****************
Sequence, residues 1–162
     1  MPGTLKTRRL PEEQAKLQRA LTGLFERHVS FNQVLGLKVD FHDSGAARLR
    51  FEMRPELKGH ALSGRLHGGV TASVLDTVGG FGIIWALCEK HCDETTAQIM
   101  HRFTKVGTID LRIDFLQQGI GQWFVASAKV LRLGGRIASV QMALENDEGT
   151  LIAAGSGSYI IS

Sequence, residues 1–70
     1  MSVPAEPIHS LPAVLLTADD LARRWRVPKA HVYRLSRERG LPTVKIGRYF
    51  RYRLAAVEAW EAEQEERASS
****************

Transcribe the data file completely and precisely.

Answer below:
Sequence, residues 1–162
     1  MPGTLKTRRL PEEQAKLQRA LTGLFERHVS FNQVLGLKVD FHDSGAARLR
    51  FEMRPELKGH ALSGRLHGGV TASVLDTVGG FGIIWALCEK HCDETTAQIM
   101  HRFTKVGTID LRIDFLQQGI GQWFVASAKV LRLGGRIASV QMALENDEGT
   151  LIAAGSGSYI IS

Sequence, residues 1–70
     1  MSVPAEPIHS LPAVLLTADD LARRWRVPKA HVYRLSRERG LPTVKIGRYF
    51  RYRLAAVEAW EAEQEERASS